Check Point CEO warns tax policies could drive more company operations abroad
Check Point Software Technologies is weighing moving more of its operations broad through acquisitions because of Israeli tax policies, CEO Gil Shwed told a finance technology conference Monday. “The state’s actions are pushing out Israel and international high-tech companies,” he said, adding that the Income Tax Authority alters agreements over tax rates.
“That, together with the stigmatization of the business sector, it doesn’t pay to be in Israel. ... I hope Check Point will be here forever, but that doesn’t mean we’ll pay all our taxes here. Maybe in the future we’ll pay Israel $50 million and Switzerland $300 million.” Shwed accused the media of falsely reporting on tax benefits and bullying policy makers into introducing draconian taxes. “I’m a big company and haven’t gotten a shekel from the government but I’ve paid a lot of taxes. I could choose not to be here,” he said. (Shelly Appelberg)
Summit closes in on Jerusalem Economy Corporation
Summit Holdings, Zohar Levy’s property development company, moved a step closer Monday to taking control of Jerusalem Economy Corporation, after it called for a general shareholders meeting to vote on replacing all of JEC’s board, except for its two outside directors. Summit named its candidates for the board and asked shareholders to reduce its size by two, to a maximum of seven.
The request comes just weeks after Summit gained 20% of the financially troubled property investor with holdings in Israel and Russia, to become its single biggest shareholder. Summit is exercising its right, as owner of over 10% of the company, to call a shareholders meeting, but there are two obstacles to Summit’s taking control of JEC: the Business Concentration Law, and the fact that it holds less than the 25% minimum to be a designated controlling shareholder. JEC shares ended up 4% at 6.73 shekels. (Michael Rochvarger)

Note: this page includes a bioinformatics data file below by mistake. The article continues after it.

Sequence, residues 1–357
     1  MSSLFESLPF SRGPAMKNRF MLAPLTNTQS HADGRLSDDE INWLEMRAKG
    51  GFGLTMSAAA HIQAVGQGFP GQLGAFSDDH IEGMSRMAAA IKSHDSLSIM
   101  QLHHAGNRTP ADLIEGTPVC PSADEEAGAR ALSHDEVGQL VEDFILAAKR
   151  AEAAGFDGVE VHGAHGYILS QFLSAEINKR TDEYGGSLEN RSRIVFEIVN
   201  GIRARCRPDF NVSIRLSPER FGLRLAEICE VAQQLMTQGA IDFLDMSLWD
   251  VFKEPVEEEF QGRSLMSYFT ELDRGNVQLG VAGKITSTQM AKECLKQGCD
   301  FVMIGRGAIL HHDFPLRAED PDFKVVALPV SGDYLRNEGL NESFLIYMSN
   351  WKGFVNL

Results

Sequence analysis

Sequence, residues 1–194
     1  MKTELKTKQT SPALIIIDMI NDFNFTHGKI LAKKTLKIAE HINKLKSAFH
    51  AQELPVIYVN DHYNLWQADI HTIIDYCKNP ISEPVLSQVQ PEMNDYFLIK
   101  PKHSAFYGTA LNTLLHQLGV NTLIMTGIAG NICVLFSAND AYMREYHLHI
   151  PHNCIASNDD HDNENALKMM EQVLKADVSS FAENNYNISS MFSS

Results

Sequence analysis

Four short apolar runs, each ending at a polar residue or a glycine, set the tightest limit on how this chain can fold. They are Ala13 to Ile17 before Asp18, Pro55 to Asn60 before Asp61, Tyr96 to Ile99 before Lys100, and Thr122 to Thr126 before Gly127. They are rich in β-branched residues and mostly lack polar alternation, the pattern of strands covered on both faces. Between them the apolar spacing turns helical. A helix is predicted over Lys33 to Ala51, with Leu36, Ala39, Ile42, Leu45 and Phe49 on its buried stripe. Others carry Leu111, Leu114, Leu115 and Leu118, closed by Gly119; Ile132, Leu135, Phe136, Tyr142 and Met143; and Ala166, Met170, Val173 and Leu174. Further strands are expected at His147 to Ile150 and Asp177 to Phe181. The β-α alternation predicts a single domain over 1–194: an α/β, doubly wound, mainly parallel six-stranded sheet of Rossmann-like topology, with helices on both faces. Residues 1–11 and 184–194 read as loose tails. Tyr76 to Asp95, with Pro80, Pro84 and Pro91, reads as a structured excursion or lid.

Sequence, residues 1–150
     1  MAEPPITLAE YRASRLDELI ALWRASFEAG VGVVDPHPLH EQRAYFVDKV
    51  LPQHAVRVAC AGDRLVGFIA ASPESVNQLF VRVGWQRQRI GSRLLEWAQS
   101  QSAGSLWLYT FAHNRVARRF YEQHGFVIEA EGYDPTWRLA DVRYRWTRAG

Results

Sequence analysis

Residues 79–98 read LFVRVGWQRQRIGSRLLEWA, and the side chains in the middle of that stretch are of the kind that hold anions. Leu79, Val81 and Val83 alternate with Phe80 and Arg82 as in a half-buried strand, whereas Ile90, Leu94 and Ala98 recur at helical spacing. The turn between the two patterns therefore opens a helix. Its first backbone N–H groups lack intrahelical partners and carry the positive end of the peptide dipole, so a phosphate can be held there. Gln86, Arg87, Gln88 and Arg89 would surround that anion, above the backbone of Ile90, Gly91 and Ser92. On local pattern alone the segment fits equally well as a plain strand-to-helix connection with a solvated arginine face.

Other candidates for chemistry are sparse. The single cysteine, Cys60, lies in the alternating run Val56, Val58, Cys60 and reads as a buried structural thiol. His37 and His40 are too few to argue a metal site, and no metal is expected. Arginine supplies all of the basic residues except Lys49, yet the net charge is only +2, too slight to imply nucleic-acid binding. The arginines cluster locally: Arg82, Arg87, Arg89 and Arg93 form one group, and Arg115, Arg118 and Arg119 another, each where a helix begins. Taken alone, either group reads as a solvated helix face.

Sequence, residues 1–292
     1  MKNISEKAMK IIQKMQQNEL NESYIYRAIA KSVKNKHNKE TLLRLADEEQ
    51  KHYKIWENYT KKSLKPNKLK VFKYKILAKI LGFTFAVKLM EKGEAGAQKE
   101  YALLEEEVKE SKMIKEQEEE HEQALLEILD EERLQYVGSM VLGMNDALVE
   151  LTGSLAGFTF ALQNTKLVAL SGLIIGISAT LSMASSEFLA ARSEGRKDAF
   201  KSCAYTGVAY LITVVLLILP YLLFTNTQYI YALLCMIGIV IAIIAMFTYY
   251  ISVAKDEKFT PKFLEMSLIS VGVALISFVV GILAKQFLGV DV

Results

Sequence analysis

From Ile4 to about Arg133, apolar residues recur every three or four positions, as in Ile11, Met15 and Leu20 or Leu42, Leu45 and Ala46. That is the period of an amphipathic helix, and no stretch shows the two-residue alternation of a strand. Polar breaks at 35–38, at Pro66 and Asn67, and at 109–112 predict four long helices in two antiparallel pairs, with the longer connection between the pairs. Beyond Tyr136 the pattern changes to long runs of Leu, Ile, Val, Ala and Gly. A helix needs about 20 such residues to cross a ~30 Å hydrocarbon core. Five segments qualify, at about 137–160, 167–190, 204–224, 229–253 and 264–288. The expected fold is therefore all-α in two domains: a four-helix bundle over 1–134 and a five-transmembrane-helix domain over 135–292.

12% of TASE-traded companies carry collapse warning in 2015
Some 12% of all the companies traded on the Tel Aviv Stock Exchange had a “going concern” warning attached to their 2015 financial reports, market research firm CofaceBDI reported Monday. Over a third of the publicly traded companies with the warning, which auditors place on businesses they believe are at risk of collapse, were in the biomedical sector. It accounts for just 9% of all TASE companies but it includes large numbers of startups that are still developing and don’t have significant sales.
The property sector was also heavily represented, accounting for 19% of all TASE-listed companies carrying the warning in their reports, CofaceBDI said. Some 15% of all investment and holding companies had going concern warnings in 2015, although that was down from 20% in 2014, it said. (Uri Tomer)
Chinese firm Fosun confirms it’s buying Ahava
China’s Fosun Group confirmed reports on Sunday that it was buying the Dead Sea cosmetics manufacturer Ahava for 290 million shekels ($77 million), a deal that will help it to tap increasing demand for health-focused and personal care products in China. “We will endeavor to extend the success of this brand to China and other countries,” Fosun Group CEO Liang Xinjun said in an email statement. The deal comes after some setbacks for Fosun, whose huge appetite for M&A has seen it amass interests in sectors from pharmaceuticals to mining and hospitality. Its chairman briefly went missing late last year, and in February it shelved a plan to buy a controlling stake in Israeli insurer Phoenix. Ahava, which operates a plant in the Israeli-occupied West Bank, has been the target of pro-Palestinian groups who have called for a boycott of its products. The company has said it may move its plant from the West Bank. (Reuters)
Tel Aviv shares take sharp turn higher
Tel Aviv shares took a sharp turn higher Monday, lifted by recovering world oil prices and rallies for stock markets in Europe and the United States.
The benchmark TA-25 index ended up just over 1% at 1,451.95 points, while the TA-100 rose 1% to 1,255,39. Turnover also picked up, with 1.21 billion shekels ($320 million) in shares changing hands. The market was lifted by big moves higher by Bank Leumi and Bank Hapoalim, which both rose about 2.4% to 13.40 and 19.27 shekels, respectively. Biomed shares also rallied, led by an 18.2% rise for Mannkind shares to 5.73. Can-Fite jumped 11.5% to 6.30 after it reported that its CF602 drug candidate showed “statistically significant” full recovery from erectile dysfunction in a preclinical diabetic model. But energy shares slid, as did telecommunication stocks, after rallying Sunday. Cellcom Israel declined 4% to 27.80 and Partner Communications lost 2.7% to 17.78. Bezeq, the most active share of the day, was down 0.8% at 8.24 by close. (Uri Tomer)